Effect of Community-Acquired Pneumonia on Acute Exacerbation of Chronic Obstructive Pulmonary Disease

Link to article at PubMed

COPD. 2021 Jul 26:1-8. doi: 10.1080/15412555.2021.1950664. Online ahead of print.


Community-acquired pneumonia (CAP) is a major contributor to hospitalization for acute exacerbations of chronic obstructive pulmonary disease (AECOPD). The clinical manifestations of AECOPD with and without CAP are confusing. The difference in the survival or readmission rate of AECOPD with or without CAP remains controversial. A prospective cohort study was conducted to evaluate the clinical and laboratory characteristics and in-hospital outcomes of patients who were consecutively hospitalized due to AECOPD from May 2015 to December 2019. Grouping was based on chest computed tomography findings. Multivariable logistic regression was used to explore the predictors for early identification between CAP exacerbations and non-CAP exacerbations. Kaplan-Meier analysis was used to compare the cumulative survival rate and readmission rate for a 12-month follow-up between the two groups. A total of 378 patients with AECOPD were enrolled, including 200 patients with CAP and 178 patients without CAP. The presence of pleuritic pain, usage of ICS, and elevated levels of C-reactive protein and procalcitonin on admission were the predictors for the early discrimination between AECOPD with and without CAP. During a 1-year follow-up, the cumulative survival rate was lower in patients with AECOPD with CAP than in those with AECOPD without CAP (13.0% vs. 3.37%; HR: 4.099; 95% CI, 2.049-8.199; p < 0.001), but the readmission rate was similar in both groups. Patients with first-time exacerbation due to CAP were more likely to experience subsequent pneumonic exacerbation. CAP is frequent among patients hospitalized for AECOPD and associated with increased mortality and successive pneumonic exacerbation.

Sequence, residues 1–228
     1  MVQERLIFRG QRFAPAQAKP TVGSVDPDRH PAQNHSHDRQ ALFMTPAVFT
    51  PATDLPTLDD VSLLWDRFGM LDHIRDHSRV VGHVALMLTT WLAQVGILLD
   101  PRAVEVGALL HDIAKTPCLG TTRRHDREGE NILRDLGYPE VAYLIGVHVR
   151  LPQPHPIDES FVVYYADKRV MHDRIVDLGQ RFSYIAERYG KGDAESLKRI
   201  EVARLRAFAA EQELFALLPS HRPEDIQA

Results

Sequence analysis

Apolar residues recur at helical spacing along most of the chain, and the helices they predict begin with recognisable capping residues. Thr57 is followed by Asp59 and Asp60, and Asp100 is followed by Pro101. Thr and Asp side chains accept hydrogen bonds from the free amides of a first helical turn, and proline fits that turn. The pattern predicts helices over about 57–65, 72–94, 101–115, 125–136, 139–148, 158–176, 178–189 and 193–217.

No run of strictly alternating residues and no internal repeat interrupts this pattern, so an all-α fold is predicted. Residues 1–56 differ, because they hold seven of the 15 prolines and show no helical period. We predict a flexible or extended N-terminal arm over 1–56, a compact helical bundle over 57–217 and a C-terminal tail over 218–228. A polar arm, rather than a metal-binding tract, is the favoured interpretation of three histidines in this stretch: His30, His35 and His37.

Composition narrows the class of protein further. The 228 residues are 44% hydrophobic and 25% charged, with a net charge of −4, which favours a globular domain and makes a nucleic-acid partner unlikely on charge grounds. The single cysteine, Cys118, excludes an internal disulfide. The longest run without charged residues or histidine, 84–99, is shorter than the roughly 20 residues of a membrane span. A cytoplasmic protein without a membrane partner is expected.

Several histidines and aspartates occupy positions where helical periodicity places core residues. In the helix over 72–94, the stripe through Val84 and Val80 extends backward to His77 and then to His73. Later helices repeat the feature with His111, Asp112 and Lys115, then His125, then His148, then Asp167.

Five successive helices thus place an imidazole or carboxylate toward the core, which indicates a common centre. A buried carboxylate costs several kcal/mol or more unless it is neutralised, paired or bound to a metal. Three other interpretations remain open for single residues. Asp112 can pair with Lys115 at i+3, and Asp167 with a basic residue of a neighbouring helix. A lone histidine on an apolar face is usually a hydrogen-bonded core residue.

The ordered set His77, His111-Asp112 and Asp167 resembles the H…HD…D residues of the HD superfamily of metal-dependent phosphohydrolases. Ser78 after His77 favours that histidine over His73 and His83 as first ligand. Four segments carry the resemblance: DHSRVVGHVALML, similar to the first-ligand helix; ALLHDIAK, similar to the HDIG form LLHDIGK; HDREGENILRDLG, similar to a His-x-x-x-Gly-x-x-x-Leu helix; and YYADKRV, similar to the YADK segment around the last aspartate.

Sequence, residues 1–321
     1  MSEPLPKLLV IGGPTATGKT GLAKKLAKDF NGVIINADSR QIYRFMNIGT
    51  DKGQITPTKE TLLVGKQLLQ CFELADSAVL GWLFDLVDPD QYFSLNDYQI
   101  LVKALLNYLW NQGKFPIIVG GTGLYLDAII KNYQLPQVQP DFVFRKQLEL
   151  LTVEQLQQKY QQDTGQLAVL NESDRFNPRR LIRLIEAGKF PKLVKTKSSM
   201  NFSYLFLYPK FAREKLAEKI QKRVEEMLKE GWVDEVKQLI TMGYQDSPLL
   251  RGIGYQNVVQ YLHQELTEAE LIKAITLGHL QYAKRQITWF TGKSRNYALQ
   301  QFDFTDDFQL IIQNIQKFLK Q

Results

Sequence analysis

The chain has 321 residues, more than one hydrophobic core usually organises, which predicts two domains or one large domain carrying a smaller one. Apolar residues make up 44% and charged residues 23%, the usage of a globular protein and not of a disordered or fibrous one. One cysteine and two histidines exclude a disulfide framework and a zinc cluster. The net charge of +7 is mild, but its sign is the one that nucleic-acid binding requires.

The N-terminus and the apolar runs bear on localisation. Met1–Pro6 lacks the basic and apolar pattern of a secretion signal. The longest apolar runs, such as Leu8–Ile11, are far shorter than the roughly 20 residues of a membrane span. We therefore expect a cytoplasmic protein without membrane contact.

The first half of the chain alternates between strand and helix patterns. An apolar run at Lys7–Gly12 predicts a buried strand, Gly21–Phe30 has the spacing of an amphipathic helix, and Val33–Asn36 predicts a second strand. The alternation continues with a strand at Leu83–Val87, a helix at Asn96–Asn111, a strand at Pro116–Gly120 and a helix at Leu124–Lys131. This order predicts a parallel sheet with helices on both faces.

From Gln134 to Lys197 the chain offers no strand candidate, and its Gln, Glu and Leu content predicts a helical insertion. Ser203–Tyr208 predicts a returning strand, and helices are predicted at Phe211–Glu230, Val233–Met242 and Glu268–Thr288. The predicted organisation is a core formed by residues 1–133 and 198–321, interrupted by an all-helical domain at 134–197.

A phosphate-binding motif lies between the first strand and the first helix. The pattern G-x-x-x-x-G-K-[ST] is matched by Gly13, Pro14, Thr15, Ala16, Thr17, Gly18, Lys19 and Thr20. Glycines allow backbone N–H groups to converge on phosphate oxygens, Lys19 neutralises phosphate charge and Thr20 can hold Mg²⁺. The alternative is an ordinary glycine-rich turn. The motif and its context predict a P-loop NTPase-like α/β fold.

PMID:34309464 | DOI:10.1080/15412555.2021.1950664

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